Kia Ora, Auckland!

Landing in New Zealand was a breath of fresh air, mostly in the literal sense. The sky was more blue than we had seen in weeks and the hills in the distance were clearly visible without the smog to which we had become accustomed.

Landing in New Zealand also meant a change in lifestyle – the Asian accommodation prices are now in the past so we slept in a hostel dorm for the first time since 2010 (just a 4-person dorm… we learned our lesson after attempting an 18-person dorm in Dublin). All was well and we met plenty of friendly travellers.

It did not take us long to find sheep in New Zealand.

On our first full day in Auckland we took the bus out to One Tree Hill, one of the more prominent volcanic hills in the area. The original tree was cut down by a settler in 1852 (possibly for firewood). Other trees were later planted and a single pine tree survived until 2000 when it was cut down by Maori activists. Nine more trees were planted at the summit in 2016 in collaboration with the Maori people, with the plan of eventually having a single survivor.

Next we walked to Mt. Eden, which features a large volcanic crater along with excellent views of central Auckland.

The crater of Mt. Eden and downtown Auckland in the background.
New Zealand War Memorial and the Auckland Museum.

We used the following day to explore the downtown core and walk along the piers. It turns out about a third of the country’s 4.8 million residents live here, so the city is more dense and built up than one might expect for New Zealand. We popped into one craft beer bar for a pint (which was excellent), but chose to stop at one given that pints typically go for $10-12 here.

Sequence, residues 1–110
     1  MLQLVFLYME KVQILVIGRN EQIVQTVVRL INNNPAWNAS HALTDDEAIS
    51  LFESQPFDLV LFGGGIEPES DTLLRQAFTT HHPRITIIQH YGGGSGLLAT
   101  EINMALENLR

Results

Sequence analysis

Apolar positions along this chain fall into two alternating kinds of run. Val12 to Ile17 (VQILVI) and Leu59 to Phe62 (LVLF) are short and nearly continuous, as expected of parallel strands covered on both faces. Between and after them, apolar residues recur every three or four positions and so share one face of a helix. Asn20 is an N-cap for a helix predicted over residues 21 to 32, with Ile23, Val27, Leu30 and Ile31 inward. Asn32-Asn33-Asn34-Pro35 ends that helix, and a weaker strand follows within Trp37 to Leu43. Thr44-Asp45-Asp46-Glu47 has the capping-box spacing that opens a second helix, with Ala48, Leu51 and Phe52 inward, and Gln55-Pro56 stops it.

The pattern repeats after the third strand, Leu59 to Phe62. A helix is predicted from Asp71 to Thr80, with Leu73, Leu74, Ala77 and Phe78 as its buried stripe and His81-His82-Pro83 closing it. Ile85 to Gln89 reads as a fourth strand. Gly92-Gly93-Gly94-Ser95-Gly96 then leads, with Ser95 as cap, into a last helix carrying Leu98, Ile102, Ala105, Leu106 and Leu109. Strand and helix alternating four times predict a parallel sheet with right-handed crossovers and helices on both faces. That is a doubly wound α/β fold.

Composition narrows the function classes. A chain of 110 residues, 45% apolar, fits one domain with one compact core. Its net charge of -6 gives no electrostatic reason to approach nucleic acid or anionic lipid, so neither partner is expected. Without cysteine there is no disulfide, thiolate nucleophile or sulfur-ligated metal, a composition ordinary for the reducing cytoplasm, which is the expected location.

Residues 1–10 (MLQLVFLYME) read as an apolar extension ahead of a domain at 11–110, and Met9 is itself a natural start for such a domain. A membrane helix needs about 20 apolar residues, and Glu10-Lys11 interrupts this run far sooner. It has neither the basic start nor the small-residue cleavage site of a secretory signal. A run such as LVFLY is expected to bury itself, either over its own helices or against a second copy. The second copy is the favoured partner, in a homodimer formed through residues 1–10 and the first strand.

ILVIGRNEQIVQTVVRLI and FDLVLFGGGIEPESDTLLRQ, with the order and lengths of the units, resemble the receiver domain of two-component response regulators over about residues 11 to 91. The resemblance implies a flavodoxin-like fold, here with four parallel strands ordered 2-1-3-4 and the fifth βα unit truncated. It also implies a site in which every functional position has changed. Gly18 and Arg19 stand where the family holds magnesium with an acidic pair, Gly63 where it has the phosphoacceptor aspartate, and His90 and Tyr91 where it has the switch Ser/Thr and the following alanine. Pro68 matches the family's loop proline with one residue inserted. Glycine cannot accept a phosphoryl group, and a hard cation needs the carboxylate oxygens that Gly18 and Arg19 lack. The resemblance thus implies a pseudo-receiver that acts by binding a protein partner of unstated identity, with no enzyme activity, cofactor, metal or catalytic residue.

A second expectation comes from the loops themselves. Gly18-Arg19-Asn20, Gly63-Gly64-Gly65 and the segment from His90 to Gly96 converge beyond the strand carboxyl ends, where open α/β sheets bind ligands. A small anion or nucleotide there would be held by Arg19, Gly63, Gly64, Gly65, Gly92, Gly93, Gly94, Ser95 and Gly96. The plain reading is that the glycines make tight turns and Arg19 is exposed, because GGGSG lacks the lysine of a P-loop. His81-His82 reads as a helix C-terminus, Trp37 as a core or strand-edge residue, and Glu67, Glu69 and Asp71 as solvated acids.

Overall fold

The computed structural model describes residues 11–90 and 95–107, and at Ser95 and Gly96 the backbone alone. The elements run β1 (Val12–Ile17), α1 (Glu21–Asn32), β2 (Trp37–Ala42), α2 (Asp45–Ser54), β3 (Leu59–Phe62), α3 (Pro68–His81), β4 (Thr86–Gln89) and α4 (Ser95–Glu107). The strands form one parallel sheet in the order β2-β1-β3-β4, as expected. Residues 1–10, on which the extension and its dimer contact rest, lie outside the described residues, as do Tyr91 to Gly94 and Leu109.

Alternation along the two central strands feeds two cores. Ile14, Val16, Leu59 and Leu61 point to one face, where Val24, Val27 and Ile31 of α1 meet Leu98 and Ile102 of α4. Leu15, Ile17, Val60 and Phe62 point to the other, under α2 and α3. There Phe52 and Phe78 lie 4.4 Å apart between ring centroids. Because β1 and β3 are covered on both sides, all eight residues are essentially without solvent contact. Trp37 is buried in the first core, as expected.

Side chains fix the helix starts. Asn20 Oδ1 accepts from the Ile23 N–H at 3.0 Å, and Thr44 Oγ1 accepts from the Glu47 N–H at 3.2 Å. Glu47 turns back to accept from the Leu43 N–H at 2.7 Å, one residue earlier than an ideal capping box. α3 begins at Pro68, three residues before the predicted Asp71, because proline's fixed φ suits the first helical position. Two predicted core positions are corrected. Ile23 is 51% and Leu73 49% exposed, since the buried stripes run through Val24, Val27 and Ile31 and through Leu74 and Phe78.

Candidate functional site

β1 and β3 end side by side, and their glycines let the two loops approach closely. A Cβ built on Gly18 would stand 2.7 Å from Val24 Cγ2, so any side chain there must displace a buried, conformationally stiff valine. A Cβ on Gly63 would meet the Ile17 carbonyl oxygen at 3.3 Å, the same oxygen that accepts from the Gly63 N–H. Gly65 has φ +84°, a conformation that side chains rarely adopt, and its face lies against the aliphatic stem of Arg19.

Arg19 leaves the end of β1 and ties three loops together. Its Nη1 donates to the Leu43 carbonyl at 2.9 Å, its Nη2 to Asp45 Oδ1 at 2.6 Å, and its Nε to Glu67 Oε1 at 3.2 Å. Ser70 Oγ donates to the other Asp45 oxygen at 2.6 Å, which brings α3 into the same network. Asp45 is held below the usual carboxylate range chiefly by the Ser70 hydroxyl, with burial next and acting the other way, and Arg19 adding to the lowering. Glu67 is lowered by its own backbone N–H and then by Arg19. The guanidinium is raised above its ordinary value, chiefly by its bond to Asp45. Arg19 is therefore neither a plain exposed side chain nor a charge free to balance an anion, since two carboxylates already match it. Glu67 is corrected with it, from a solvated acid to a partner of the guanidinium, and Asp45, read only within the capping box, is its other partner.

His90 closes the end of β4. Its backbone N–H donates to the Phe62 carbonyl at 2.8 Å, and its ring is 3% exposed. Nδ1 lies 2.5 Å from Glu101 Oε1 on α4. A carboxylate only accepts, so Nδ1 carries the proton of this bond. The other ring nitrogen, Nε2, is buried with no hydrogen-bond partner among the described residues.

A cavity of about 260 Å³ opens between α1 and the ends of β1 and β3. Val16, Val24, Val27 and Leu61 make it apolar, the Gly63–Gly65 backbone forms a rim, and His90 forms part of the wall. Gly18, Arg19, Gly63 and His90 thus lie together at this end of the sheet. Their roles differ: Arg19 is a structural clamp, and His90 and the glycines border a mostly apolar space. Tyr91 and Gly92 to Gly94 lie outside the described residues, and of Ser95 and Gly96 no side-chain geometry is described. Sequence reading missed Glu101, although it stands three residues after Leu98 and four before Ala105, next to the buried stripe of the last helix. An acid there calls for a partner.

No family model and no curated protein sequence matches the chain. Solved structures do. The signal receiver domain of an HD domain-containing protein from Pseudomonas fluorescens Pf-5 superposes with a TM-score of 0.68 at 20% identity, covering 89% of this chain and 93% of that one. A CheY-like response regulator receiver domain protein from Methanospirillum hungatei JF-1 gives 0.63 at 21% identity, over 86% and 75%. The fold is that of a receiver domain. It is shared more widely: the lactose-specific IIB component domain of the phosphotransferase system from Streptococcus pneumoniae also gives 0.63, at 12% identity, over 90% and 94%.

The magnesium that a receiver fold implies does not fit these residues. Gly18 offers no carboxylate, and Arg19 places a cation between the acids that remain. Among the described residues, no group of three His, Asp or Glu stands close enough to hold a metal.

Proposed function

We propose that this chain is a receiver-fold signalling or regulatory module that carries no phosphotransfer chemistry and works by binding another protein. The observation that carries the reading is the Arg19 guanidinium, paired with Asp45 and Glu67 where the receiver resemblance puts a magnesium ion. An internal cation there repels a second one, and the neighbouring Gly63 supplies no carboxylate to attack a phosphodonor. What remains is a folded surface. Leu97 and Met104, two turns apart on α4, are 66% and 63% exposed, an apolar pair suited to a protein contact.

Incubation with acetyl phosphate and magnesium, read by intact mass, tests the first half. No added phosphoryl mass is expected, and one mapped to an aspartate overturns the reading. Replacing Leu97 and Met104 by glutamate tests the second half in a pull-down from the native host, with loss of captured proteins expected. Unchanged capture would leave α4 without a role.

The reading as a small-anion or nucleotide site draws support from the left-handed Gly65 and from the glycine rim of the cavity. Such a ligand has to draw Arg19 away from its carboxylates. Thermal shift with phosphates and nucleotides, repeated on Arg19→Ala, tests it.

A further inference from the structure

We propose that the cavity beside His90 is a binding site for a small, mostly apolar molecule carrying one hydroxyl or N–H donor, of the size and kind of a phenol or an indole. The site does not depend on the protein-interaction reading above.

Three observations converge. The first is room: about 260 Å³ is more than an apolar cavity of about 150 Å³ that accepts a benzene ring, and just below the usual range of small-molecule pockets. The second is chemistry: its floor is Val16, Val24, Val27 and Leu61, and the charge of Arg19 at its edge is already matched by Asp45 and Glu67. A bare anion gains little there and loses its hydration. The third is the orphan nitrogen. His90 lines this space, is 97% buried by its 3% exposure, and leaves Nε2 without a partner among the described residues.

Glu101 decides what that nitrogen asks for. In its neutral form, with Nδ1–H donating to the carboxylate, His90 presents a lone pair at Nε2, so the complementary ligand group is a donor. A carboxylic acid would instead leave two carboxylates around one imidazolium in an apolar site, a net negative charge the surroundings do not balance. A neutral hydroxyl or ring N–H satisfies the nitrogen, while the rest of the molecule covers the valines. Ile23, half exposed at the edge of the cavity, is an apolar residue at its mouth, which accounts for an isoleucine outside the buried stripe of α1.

There are giant freakin’ palm trees in Auckland. (Or regular-sized palm trees with hobbits… who knows.)

Our next couple days were relatively quiet due to large amounts of rain. We visited one art gallery, The Wallace Arts Centre, and were impressed by the local works on display. In particular we loved the drawings by Susan Te Kahurangi King, a self-taught artist who lost the ability to speak by the age of 8 and whose work evolved from surreal cartoon-like drawings to complex geometric patterns.

Feeling the need to sample Auckland’s nightlife, on Friday we decided to check out the Ding Dong Lounge. In memory of Keith Flint, the Prodigy singer who passed away last week, the bar was playing their tunes all evening (at least until the fans from the Red Hot Chili Peppers concert arrived post-gig). The bar had a good vibe, drawing in more punks than hipsters, and Dan was delighted to revisit his favourite Prodigy songs.



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